Most discussions of raw strings (including the introduction in Section 2.4.1 of the official documentation) state that backslashes in raw strings are treated literally, rather than being interpreted as the first character of an escape sequence with a special meaning (\t, \n, etc.).
Yet, as stated in the last para of Section 2.4.1, “Even in a raw literal, quotes can be escaped with a backslash, but the backslash remains in the result.”
Why was an exception made for the quote characters? And then, why does the backslash remain in the result? Why can’t a string containing just the backslash character be represented as r’’, r"" or r""""""? If I need to include some kind of quote in a raw string, I could always use a different kind of quote as the string delimiter (e.g. " ’ ").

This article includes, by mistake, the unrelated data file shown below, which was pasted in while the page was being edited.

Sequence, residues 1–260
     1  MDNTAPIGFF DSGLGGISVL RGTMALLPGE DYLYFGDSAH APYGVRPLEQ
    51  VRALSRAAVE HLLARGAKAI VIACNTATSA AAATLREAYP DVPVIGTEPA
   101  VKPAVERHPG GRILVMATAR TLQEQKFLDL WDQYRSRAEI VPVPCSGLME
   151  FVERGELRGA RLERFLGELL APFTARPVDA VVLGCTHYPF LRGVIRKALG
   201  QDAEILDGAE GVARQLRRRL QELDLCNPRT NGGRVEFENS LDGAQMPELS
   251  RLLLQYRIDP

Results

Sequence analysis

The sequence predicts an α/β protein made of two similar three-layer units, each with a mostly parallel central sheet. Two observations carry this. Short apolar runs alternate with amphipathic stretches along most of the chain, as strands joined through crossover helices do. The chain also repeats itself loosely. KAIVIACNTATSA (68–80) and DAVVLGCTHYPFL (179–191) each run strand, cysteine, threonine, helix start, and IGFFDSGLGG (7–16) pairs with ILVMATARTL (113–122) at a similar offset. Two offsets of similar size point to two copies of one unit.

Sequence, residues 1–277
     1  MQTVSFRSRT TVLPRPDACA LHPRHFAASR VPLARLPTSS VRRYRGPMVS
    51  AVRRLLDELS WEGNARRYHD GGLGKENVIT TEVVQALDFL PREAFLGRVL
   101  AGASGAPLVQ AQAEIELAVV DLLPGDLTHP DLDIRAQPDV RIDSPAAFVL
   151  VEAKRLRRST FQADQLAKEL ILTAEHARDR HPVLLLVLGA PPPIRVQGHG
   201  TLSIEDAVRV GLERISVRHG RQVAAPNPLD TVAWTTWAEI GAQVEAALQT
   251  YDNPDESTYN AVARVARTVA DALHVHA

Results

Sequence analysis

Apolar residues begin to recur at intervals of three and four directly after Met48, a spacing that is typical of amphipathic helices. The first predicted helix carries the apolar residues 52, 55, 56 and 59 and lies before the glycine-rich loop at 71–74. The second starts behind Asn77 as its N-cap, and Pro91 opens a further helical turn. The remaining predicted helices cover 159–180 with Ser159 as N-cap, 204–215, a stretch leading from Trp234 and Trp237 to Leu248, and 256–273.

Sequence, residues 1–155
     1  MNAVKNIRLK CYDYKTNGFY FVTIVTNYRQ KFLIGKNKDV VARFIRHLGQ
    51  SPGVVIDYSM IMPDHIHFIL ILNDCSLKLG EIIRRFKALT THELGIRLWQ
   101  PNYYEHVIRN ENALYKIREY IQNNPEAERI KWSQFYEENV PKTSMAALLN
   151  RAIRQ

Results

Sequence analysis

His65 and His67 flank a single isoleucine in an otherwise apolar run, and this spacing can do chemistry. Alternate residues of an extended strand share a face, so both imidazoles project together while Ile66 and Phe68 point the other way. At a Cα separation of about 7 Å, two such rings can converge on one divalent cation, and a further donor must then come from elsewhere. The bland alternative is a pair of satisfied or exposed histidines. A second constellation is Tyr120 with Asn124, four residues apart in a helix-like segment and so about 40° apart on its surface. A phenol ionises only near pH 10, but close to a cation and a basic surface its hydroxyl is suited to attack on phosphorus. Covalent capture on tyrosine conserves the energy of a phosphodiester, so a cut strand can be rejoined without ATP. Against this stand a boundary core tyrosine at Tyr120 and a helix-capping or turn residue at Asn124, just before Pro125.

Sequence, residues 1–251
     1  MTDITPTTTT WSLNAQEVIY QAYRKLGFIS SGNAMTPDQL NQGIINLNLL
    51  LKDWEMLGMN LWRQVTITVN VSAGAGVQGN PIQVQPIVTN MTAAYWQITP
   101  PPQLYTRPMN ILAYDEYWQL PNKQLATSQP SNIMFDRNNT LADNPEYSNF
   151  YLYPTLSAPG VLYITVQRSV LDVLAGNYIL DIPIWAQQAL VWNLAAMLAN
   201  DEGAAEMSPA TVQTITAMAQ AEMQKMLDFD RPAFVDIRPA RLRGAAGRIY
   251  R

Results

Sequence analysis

To me, all this goes absolutely against the “principle of least surprise”, so I’m guessing I must be missing something, and that there must have been extensive(?) discussion about this within the Python developer community. I’d be grateful if someone could please point me to that discussion. Or to a forum that’s more appropriate for this question.